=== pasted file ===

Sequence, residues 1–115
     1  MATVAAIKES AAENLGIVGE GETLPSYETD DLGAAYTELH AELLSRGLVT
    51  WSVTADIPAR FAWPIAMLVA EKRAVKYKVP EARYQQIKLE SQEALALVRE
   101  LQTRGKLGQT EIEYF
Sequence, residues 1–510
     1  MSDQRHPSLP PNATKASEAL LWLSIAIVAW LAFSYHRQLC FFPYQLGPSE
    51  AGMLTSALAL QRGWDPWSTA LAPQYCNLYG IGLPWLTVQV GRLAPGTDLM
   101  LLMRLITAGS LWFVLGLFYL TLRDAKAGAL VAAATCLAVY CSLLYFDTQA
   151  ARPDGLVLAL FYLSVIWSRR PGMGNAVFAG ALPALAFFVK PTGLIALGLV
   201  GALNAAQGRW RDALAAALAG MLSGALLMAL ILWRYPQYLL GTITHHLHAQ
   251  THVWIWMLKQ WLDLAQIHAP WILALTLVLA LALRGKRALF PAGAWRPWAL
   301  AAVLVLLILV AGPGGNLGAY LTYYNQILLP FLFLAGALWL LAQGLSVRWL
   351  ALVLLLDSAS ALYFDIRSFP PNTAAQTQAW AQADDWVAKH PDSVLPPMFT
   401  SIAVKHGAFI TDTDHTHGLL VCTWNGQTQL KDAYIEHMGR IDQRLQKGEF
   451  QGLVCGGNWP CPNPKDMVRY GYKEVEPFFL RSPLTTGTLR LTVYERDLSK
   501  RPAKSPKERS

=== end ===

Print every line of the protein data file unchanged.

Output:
Sequence, residues 1–115
     1  MATVAAIKES AAENLGIVGE GETLPSYETD DLGAAYTELH AELLSRGLVT
    51  WSVTADIPAR FAWPIAMLVA EKRAVKYKVP EARYQQIKLE SQEALALVRE
   101  LQTRGKLGQT EIEYF
Sequence, residues 1–510
     1  MSDQRHPSLP PNATKASEAL LWLSIAIVAW LAFSYHRQLC FFPYQLGPSE
    51  AGMLTSALAL QRGWDPWSTA LAPQYCNLYG IGLPWLTVQV GRLAPGTDLM
   101  LLMRLITAGS LWFVLGLFYL TLRDAKAGAL VAAATCLAVY CSLLYFDTQA
   151  ARPDGLVLAL FYLSVIWSRR PGMGNAVFAG ALPALAFFVK PTGLIALGLV
   201  GALNAAQGRW RDALAAALAG MLSGALLMAL ILWRYPQYLL GTITHHLHAQ
   251  THVWIWMLKQ WLDLAQIHAP WILALTLVLA LALRGKRALF PAGAWRPWAL
   301  AAVLVLLILV AGPGGNLGAY LTYYNQILLP FLFLAGALWL LAQGLSVRWL
   351  ALVLLLDSAS ALYFDIRSFP PNTAAQTQAW AQADDWVAKH PDSVLPPMFT
   401  SIAVKHGAFI TDTDHTHGLL VCTWNGQTQL KDAYIEHMGR IDQRLQKGEF
   451  QGLVCGGNWP CPNPKDMVRY GYKEVEPFFL RSPLTTGTLR LTVYERDLSK
   501  RPAKSPKERS